Mixed IPN networks that are preferred for the present invention have a shape recovery of at least about approximately 85%, and typically from approximately 88 to approximately 94%, have typical switching temperatures from approximately 45 to approximately 55° C. and show no significant biodegradation within about 6 month at approximately 37° C. and approximately pH 7 to 8. Such polymers are more flexible and can be processed, (e.g., extruded), more easily than the aforementioned pure UV crosslinked dimethacrylate networks and the thermoplasts that are mixed with the prepolymers before crosslinking, can be used to adjust the properties of the mixed IPN networks. Examples of mixed IPN networks that are preferred for the present invention are the aforementioned preferred UV crosslinked dimethacrylate networks polymerized in the presence of thermoplasts, in particular in the Presence of thermoplastic polyurethanes like Carbothane ® or polycaprolactones like CAPA ®. Particularly preferred mixed IPN networks of the present invention are poly(ε-caprolactone) dimethacrylate, urethane dimethacrylate or urethane tetramethacrylate networks, for example poly(ε-caprolactone)-10k urethane dimethacrylate networks or poly(ε-caprolactone)-16k urethane dimethacrylate or tetramethacrylate networks, the networks comprising from approximately 10 to approximately 80 approximately 20 to approximately 70 weight-% and particularly preferred from approximately 25 to approximately 55 weight-% thermoplastic polyurethanes like Carbothane ® or polycaprolactones like CAPA ®, wherein the thermoplastic polycaprolactones usually have a molecular weight of at least approximately 20,000 g/mol, preferably from approximately 30,000 to approximately 120,000 g/mol and particularly preferred from about approximately 40,000 g/mol to approximately 80,000 g/mol.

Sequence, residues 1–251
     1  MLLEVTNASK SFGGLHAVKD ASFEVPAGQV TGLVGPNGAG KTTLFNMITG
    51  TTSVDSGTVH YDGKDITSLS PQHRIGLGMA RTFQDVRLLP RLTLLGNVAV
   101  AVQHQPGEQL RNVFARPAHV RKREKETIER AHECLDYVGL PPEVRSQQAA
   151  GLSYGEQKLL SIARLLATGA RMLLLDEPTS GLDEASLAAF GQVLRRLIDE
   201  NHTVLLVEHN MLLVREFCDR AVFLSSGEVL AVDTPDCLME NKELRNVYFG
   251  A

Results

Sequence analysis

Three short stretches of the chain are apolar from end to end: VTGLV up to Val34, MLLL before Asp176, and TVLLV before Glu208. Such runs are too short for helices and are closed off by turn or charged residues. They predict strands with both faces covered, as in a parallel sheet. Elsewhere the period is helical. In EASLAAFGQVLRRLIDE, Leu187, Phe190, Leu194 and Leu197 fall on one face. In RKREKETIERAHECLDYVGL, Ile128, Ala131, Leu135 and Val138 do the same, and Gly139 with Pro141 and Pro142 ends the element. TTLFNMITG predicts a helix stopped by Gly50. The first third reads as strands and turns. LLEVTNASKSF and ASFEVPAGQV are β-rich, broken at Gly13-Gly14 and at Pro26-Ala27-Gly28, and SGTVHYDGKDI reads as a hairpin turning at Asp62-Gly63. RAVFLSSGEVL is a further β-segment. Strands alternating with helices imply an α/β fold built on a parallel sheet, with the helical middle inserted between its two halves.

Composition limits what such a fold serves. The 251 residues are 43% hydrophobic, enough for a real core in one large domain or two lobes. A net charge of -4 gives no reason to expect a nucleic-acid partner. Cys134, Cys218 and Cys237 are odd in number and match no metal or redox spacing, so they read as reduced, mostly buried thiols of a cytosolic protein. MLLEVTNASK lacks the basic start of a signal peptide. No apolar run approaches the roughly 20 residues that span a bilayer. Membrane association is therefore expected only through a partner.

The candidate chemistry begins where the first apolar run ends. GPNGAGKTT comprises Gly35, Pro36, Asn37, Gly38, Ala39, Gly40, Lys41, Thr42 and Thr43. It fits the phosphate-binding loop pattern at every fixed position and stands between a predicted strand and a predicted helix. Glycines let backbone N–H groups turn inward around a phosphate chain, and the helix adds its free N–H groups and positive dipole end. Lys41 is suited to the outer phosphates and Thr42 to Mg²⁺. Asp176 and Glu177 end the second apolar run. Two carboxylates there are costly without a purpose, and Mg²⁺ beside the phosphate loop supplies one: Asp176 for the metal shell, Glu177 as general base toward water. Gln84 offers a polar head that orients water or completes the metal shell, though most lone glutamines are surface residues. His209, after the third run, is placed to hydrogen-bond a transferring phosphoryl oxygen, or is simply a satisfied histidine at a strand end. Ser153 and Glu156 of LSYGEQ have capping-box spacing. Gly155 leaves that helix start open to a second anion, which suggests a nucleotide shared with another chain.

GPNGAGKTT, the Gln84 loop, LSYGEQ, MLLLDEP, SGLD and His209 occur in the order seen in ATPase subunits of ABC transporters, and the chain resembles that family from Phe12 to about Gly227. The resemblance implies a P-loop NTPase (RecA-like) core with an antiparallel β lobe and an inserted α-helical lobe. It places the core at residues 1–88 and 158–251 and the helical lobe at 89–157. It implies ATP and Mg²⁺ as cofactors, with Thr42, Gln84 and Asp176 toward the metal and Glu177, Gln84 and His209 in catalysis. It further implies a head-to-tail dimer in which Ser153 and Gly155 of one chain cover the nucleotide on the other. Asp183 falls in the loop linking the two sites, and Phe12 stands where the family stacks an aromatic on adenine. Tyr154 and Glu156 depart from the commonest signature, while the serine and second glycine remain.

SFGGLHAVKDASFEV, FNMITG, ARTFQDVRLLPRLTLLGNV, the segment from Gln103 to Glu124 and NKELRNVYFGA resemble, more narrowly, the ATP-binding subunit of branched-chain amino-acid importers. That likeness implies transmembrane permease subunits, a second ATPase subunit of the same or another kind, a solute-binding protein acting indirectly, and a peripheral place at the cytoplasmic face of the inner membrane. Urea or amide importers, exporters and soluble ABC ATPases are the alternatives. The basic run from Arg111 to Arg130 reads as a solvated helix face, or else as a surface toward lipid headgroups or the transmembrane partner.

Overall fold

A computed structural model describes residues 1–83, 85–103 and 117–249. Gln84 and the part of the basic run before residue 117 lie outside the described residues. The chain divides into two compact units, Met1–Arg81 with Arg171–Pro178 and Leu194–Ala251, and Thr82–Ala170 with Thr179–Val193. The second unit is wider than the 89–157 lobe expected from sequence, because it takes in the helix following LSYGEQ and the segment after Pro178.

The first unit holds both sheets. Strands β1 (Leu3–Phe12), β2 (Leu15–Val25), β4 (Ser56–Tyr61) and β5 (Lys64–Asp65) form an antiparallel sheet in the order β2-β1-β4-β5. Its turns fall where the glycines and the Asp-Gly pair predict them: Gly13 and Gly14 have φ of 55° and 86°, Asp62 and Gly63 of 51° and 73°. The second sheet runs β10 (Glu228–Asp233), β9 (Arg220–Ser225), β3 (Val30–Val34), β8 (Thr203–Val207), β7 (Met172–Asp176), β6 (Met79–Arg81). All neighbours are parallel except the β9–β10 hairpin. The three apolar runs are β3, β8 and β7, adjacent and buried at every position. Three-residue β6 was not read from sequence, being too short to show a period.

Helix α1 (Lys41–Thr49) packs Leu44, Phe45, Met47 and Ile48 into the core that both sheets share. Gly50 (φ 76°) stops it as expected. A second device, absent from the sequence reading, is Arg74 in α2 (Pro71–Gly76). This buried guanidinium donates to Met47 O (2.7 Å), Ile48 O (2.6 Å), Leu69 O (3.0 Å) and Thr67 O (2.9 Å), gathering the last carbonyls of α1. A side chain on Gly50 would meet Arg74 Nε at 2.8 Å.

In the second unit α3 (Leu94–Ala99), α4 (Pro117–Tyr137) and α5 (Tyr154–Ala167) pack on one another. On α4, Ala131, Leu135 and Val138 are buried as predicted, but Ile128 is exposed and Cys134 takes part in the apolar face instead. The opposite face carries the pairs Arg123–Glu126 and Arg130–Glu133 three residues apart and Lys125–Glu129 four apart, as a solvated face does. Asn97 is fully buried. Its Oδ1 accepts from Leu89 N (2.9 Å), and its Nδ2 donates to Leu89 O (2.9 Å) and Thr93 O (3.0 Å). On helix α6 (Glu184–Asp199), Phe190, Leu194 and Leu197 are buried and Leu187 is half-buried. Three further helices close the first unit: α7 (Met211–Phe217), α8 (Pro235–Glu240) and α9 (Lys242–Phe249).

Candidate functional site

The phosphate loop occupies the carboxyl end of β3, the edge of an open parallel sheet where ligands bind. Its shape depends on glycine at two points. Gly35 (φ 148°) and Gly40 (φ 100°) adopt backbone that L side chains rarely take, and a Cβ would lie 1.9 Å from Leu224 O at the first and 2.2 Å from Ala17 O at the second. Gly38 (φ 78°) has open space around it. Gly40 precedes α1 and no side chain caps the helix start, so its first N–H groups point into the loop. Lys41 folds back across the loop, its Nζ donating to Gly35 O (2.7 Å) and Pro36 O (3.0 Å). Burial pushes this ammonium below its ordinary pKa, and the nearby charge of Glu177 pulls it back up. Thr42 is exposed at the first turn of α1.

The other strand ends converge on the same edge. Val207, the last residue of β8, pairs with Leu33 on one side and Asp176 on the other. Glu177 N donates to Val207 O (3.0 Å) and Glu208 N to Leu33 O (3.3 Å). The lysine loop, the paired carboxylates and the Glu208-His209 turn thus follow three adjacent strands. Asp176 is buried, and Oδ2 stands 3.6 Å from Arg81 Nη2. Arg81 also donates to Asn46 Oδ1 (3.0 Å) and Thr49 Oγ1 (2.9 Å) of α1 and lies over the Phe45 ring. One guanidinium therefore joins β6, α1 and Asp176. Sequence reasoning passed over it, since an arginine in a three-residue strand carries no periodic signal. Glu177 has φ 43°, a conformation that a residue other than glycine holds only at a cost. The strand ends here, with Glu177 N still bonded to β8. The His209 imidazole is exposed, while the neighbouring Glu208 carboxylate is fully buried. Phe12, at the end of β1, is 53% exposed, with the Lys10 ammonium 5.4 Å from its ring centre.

For urethane networks no UV crosslinking is necessary, but workpieces usually need to be processed by reaction injection molding. Such networks preferably have a shape recovery of greater than approximately 95%, switching temperatures about approximately 45 to approximately 55° C. and show no significant biodegradation within approximately 15 month at 37° C. and pH 7 to 8. Preferred materials are poly(e-caprolactone) tetrols or blends of poly(e-caprolactone) tetrols and diols crosslinked with aliphatic diisocyanates like trimethylhexamethylene diisocyanate (TMDI) or hexamethylene diisocyanate (HMDI), for example poly(e-caprolactone)-16k tetrol/TMDI networks or (poly(e-caprolactone)-16k tetrol/poly(e-caprolactone)-10k diol)/TMDI networks.